Prior to my visit with the Mayor, I met with NHL hockey aficionados inside the Hockey Museum. Jim Miller founded the Museum Committee in 2002 and opened the museum in 2012. Brace yourselves for another Renfrew claim-to-fame : it is the birthplace of the NHA/NHL. Hockey fans should light up on this fact.
I’ve been a hockey-mom in my past; but, you need not know much to be impressed with the museum’s contents. If all hockey enthusiasts, most Canadians, knew about this jewel, the town would surely run out of ice cream and parking spaces.
The Museum has the most comprehensive NHL library in Canada; guests can pull a number of items sit at a desk and spend hours reveling in hockey history and artifacts. Parties and school trips are frequent affairs.
The two delightful guides in full referee regalia (see below) greeted me with enthusiasm and aplomb. They spouted endless facts about the history, the artifacts, the hockey legends, ex-temporally. I learned, the Stanley Cup in 1893 was just the bowl that now sits atop its many rings. I also learned of the battles between early leagues and who won in the end, forming a single, powerful league, our beloved NHL. I don’t want to be a spoiler; but, it was nasty.
The museum is in the heart of historic, Downtown Renfrew, on beautiful Raglan Street. Some of its shops were established in the 19th century and still remain within their founding families. Wooden floors, tin ceilings are charming signatures; but, the voices of the ages speak through the walls, cornices, stones and pathways throughout downtown shops and residences. Renfrew is a camera lens’ desire. And you can visit all without the tyranny of parking meters–parking is free with a rare, 3-hour limit.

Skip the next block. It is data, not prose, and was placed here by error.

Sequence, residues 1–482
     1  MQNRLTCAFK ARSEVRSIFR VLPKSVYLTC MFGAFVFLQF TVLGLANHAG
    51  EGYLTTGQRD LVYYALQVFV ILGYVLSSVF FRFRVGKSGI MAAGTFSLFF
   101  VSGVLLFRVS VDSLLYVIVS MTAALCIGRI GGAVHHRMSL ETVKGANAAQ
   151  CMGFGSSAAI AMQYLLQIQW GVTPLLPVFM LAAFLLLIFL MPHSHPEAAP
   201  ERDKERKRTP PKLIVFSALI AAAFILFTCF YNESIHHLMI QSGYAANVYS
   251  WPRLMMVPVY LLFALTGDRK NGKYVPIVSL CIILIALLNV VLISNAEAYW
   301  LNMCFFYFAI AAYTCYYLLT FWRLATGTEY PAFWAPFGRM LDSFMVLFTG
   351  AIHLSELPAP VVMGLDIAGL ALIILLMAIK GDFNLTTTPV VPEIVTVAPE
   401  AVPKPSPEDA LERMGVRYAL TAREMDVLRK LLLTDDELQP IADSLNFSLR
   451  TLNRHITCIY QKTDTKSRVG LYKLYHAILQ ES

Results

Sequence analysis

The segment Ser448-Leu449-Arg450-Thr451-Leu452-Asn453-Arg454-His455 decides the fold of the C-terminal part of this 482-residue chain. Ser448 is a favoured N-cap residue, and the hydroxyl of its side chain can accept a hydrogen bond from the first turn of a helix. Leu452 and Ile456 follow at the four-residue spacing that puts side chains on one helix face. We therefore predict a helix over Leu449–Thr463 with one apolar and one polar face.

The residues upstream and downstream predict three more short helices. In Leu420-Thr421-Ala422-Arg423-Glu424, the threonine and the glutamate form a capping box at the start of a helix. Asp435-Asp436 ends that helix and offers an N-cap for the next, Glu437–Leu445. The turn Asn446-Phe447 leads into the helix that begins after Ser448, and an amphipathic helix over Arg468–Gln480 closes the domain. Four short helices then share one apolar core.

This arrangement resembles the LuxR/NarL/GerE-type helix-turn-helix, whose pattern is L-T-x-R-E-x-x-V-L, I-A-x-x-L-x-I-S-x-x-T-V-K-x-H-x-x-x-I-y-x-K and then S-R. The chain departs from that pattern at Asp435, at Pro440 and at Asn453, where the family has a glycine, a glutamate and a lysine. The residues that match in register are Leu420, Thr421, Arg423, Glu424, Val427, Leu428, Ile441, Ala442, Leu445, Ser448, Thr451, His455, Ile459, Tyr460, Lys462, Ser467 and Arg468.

The first settler, John Lorn McDougall, arrived in 1820; but, the town was not incorporated until 1858, as a village, and in 1895, as a town. A 200-year celebration is surely at hand. In fact, I would venture to state that the annual agricultural and spectacular, Renfrew Fair, will be a big destination event in 2020. This fair is one of the oldest, most sustained events in Canada, the first having occurred in 1855.
To wrap up this first story on this wonderful town, one simply must feature its extraordinary health facilities, nine buildings in all. Chief among them, is the new, sparkling, Renfrew Victoria Hospital, with state-of-the-art technology, including a wing for dialysis.
A beautiful building for palliative care, housing up to eight patients, backs on a forest with occasional, meandering deer. Near the hospital a large, new heli-pad keeps a healthy distance from the buildings. The town is working aggressively to reducing patient load to 800 patients per doctor over the standard 1,200. New buildings are primed for their arrival. I have not seen this level of investment in health care in any town thus far. It was truly stunning and it is perhaps the town’s greatest secret.
“It’s a good place to retire,” the Mayor states as we toured the site, “But, families with children would be well served here.” This is an understatement. What town maintains fifteen parks, one of which is 147 acres, the famous Ma-Te-Way Park?
And finally, a pretty pose to honour our deserving dignitaries and gracious Hosts.